This week, we take a look at the long tradition of boarding at Barker College.
When Rev. Henry Plume first advertised for pupils in the Kurrajong area in late 1889, it was expected that boarders would pay £18.18.0 per quarter. Of these early boarding school days, William Friend, a boarder from 1892-1894 remembered:
“At the beginning of a term, William, the Chinese cook and general hand, would meet the coach with a slide, drawn by Mr Plume’s sulky horse, and take luggage to the school, over about a mile of rough track.
“The school house was a weatherboard cottage, with additions for dining room, classrooms etc. There was no electric light, no telephone, and house water was not too plentiful but we had a magnificent view over the Hawkesbury flats, Richmond and Windsor.”
An outbreak of scarlet fever in Kurrajong Heights forced Rev. and Mrs Plume, together with their twenty boarders, to move to Hornsby Junction in 1896. All boarders resided in the newly built residence (the present day Stokesleigh), alongside the Plumes. The dining hall and classroom were attached to the residence.
During the early twentieth century, boarding numbers were so large that senior boarders were moved into rented cottages adjacent to the school property. These boarders were supervised by resident assistants and student teachers.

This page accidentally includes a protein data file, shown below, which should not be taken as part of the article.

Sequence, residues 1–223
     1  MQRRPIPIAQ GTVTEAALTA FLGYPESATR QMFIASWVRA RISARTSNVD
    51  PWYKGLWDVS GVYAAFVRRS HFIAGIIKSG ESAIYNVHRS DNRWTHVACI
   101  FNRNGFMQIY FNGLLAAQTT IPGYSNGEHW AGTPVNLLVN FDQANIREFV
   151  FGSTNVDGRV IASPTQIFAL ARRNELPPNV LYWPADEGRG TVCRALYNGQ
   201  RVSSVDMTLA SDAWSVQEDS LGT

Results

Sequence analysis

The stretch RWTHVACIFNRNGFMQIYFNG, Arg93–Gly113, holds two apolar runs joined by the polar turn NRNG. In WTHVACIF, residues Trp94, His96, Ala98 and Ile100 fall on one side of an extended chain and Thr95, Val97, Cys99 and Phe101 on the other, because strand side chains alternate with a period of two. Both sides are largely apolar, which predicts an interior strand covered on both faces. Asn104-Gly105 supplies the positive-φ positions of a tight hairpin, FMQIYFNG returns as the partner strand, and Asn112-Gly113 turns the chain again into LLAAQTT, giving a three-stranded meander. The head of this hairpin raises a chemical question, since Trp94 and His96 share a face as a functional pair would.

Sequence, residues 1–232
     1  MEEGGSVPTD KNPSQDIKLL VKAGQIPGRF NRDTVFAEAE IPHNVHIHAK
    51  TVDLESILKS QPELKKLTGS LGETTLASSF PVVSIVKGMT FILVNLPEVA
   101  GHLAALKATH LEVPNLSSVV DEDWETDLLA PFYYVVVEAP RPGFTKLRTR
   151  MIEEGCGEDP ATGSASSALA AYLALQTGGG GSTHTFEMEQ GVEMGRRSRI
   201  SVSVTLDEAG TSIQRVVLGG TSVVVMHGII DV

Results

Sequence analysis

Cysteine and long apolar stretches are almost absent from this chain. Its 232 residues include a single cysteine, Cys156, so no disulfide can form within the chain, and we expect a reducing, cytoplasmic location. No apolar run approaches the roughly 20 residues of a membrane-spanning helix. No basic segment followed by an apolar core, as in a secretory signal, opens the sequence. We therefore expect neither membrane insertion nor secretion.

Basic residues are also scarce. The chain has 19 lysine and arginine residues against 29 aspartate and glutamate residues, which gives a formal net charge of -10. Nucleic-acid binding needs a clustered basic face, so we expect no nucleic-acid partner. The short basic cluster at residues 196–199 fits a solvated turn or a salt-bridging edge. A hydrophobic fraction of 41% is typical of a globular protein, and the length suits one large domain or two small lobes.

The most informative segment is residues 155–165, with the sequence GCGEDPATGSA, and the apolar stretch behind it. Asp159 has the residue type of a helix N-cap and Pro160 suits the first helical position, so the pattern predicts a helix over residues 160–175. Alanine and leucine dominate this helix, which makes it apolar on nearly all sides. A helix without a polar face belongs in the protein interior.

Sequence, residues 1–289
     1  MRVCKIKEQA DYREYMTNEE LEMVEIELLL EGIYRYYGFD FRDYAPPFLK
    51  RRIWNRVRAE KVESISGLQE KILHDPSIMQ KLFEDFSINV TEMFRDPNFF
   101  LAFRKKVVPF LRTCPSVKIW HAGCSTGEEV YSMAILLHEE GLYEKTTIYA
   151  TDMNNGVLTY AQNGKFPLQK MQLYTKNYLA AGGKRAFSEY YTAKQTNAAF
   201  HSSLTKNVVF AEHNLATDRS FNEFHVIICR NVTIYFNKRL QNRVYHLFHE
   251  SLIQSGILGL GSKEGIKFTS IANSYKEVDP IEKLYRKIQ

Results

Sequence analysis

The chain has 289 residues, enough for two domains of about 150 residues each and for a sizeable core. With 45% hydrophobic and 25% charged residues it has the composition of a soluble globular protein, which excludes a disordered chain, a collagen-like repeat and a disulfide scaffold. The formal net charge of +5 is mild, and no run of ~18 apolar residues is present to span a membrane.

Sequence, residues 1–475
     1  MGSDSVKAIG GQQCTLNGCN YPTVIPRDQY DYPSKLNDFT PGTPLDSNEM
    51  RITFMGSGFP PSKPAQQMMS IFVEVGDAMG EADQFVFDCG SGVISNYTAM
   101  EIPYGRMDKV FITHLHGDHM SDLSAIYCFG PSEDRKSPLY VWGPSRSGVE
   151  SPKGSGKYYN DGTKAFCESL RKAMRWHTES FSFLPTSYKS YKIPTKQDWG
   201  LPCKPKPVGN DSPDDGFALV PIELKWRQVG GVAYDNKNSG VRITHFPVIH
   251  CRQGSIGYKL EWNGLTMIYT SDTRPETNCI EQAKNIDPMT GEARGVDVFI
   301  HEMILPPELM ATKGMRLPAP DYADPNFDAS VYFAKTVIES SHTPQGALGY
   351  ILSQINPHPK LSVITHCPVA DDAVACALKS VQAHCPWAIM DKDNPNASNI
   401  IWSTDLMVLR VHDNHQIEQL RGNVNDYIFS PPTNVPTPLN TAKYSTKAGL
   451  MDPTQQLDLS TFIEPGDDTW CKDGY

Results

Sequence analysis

The opening of the Dormitory Block (now Carter House), the school’s first designated boarding accommodation, took place in 1920. Although harsh by today’s standards, it was a great improvement on the rented cottages. The four dormitories were open to the elements, as school hygiene stressed the importance of fresh air. Electricity was non-existent at Barker until 1923 and hot water was not connected until 1938. It was the duty of the Prefects to ensure that each boarder had a cold shower each morning during both winter and summer.
As the school continued to grow, further boarding accommodation was needed. Junior House (now Plume House) was opened in 1929 and provided designated accommodation for Barker’s youngest boarding students. In 1955, with the opening of the Junior School, which included a dormitory and dining hall, the youngest boarders moved into this new accommodation down the hill.
In 1967, the Junior School dormitory became known as Leslie House and provided accommodation for senior boys. The youngest boarders returned to Plume House. With the refurbishment of the Junior School in the mid 1980s, senior boys were accommodated in houses acquired by Barker College in The Avenue. Although originally designed to be temporary, boarding in The Avenue ceased fifteen years later in 1998.
Boarding for Junior and Middle School students was gradually phased out. Girl boarders were introduced in 1991 and upon reflection, one of these girls wrote:
“Taking into account the wonderful company, conducive atmosphere, bearable regulations and edible food, I suppose that boarding at Barker is, if not beneficial, at least educational and enlightening.”
Today’s co-educational boarding experience for students in Year 10-12, is therefore part of Barker’s long boarding history.
Caption: One of the cottages fronting the Pacific Highway that were used as accommodation for Barker boarders, 1903.